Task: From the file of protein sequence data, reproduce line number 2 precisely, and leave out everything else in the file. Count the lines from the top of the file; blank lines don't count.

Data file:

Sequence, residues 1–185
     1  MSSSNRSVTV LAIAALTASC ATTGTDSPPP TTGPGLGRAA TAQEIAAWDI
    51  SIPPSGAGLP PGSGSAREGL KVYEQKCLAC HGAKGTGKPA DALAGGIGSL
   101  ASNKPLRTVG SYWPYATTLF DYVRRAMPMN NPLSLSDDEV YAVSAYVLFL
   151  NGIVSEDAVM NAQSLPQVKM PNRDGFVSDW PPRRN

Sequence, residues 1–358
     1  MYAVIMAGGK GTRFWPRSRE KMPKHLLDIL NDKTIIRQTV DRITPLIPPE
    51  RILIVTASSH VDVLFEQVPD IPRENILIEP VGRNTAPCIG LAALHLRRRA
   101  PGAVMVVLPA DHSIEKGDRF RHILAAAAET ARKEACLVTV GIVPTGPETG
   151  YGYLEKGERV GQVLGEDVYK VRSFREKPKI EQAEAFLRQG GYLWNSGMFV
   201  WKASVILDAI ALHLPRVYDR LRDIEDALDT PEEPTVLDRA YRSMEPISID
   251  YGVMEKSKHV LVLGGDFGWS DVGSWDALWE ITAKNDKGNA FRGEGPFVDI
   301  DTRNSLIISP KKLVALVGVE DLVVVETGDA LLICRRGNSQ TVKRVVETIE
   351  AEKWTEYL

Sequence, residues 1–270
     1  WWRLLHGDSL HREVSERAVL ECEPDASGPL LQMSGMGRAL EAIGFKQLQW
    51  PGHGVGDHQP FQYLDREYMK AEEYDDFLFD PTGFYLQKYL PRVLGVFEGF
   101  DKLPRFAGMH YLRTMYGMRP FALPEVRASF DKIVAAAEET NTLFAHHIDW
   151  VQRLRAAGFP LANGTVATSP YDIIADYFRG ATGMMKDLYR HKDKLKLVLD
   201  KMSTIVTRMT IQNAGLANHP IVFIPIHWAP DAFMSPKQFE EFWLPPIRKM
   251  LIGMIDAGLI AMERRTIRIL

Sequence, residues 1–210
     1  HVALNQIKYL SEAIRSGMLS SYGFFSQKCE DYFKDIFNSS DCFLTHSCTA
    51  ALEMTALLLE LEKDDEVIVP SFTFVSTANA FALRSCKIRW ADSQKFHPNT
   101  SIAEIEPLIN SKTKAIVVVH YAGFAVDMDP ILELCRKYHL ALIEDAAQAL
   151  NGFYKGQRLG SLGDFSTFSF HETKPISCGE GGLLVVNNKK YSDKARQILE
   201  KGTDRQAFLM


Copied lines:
     1  MSSSNRSVTV LAIAALTASC ATTGTDSPPP TTGPGLGRAA TAQEIAAWDI